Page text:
An excerpt from an upcoming novella

My novella, Snowbound with the Stork, will be featured in an upcoming anthology. Some of the other authors contributing stories will be Harlequin Escape author, MA Grant, and Harlequin Carina UK author Gina Rochelle.

Here’s an excerpt from Snowbound with the Stork. Enjoy and I hope you’ll purchase the anthology and leave a review.

 

Chapter One

Hadley Bishop set her phone and bottled water on a picnic table in front of the convenience store. A hundred yards away, cars and trucks zipped and zoomed along the highway like those migrating hummingbirds that darted around her feeders every fall. Not exactly fine dining. At least the January sun was warm on her hands as she peeled the banana she’d bought while paying for gas. So what if her healthy snack was a stalling tactic? She’d needed gas and making a phone call while stopped was safer. Especially this call.

She brushed a cigarette butt off the table. Yup, this was the closest the forlorn spot had come to an actual picnic. Going by the lipstick-stained filters scattered on the ground the store’s female employees used this spot for smoke breaks. Even the sprigs of grass that had forced their way through the hard Georgia clay were brown and stiff, as if they’d taken the easy way out and surrendered.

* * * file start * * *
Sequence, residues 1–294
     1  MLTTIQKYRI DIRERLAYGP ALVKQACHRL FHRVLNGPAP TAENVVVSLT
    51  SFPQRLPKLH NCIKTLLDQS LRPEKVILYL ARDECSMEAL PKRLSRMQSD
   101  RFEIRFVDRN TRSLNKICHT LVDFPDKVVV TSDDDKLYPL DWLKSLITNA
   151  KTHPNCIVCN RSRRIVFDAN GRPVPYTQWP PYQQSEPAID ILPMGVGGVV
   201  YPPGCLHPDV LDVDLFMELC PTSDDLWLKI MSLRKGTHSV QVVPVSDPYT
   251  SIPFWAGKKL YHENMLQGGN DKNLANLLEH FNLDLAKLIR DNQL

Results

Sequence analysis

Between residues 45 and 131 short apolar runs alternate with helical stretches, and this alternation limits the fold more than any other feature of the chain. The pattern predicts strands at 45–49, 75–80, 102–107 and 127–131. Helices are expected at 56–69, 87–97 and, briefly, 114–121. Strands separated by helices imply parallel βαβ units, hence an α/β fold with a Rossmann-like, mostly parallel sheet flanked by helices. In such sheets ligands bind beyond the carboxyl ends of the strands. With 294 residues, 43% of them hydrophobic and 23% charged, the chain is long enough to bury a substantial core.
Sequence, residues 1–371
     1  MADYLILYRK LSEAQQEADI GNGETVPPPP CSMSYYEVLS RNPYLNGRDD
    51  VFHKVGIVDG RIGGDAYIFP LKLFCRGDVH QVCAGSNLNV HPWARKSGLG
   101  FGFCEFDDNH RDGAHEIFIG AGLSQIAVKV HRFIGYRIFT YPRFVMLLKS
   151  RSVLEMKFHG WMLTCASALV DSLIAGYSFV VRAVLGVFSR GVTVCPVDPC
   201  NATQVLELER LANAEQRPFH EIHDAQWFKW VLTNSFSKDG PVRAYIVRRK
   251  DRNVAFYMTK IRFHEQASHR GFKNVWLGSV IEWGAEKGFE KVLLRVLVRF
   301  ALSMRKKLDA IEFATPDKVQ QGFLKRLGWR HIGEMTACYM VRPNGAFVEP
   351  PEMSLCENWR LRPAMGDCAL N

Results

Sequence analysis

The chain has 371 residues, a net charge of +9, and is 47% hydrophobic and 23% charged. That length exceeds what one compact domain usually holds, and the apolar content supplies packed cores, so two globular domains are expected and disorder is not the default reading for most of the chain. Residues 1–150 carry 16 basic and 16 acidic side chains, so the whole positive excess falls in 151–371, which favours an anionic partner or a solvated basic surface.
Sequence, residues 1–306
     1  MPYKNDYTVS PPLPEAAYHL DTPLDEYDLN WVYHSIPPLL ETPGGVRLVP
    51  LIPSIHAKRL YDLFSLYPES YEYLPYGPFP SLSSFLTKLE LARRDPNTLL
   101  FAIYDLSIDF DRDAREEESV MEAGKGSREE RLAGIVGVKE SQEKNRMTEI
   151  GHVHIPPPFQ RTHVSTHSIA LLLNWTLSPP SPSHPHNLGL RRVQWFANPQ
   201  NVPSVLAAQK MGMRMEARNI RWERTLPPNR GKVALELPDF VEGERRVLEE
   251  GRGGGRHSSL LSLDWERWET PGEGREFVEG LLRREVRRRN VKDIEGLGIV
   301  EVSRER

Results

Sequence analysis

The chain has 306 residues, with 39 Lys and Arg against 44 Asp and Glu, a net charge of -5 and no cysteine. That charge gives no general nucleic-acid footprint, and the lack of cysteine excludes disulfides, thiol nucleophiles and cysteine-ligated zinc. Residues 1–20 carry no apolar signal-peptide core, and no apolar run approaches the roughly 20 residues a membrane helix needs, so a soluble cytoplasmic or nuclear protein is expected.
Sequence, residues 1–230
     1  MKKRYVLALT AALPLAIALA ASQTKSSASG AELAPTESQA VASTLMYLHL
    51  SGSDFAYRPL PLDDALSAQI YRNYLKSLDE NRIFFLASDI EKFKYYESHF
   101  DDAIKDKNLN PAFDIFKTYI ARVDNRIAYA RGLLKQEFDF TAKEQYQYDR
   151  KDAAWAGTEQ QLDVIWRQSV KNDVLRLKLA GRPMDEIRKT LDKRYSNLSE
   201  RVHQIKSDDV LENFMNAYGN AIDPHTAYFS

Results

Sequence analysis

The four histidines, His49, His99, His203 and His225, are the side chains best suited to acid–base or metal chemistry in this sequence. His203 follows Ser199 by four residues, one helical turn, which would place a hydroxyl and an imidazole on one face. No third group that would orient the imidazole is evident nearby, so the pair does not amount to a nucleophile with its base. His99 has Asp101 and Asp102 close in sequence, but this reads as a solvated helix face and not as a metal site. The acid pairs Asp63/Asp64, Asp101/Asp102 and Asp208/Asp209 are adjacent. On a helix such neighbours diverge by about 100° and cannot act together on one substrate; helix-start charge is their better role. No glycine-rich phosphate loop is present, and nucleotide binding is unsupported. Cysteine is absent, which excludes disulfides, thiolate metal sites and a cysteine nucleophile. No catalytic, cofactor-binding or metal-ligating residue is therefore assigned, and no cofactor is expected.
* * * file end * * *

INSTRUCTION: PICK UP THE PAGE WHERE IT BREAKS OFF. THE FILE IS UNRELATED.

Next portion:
Picnic over too soon, she tossed the banana skin into the trash, polished off the water and dropped the empty bottle into a plastic bag to recycle later. Too bad she couldn’t recycle her dwindling courage until it was new, strong, repurposed.

With a heavy sigh, she picked up the phone, scrolled through her contacts and stopped when his name came up. Quinn Gallagher. She shivered from the dropping temperature. Not because of Quinn. It had nothing at all to do with him. The morning had begun unseasonably warm and she’d dressed accordingly. End of story.

Oh God, she didn’t want to do this. But she couldn’t chicken out, no matter the personal consequences. She swiped the call icon. Stupid conscience.

The phone rang and her pulse raced. What if he didn’t answer? She’d changed her number when she’d changed carriers, for a fresh start. It had nothing to do with checking that old phone a thousand times a day to see if he’d called. So why program the number into the new phone?

“Gallagher.” His deep, gruff—impersonal—voice made the back of her throat burn.

“Quinn, it’s me…Hadley.” Dammit. You knew this wouldn’t be easy. “We need to talk…it’s really important.”

A long pause, then. “Okay. So talk.”

“I’d prefer to do it in person.” She fidgeted with the collar of her shirt.

A rustling sound and he said “give me five”, obviously speaking with someone in his office. Something squeaked and he was back. “What could you have to say to me that can’t be said over the phone?”

“Use your imagination,” she snapped. God, he could be the most infuriating—

“Darlin’, have you forgotten how fertile my imagination can be?” He chuckled low in his throat and she pushed away the image of his espresso-brown eyes darkening with desire.

“No.” And that was part of the problem. She shifted and the wooden bench creaked. “Is a few moments of your time too much to ask?”

“Do you think it’s easy for me to rearrange my busy schedule at a moment’s notice to suit the whims of an ex?”

Despite knowing Quinn tended to strike out when challenged, his words stung, like alcohol on a fresh wound. A car door slammed and she squeezed her eyes tighter to stem the flow of tears. Damn. Crying? And in a public place.

“Ma’am? Are you okay? Do you need assistance?” a male voice asked.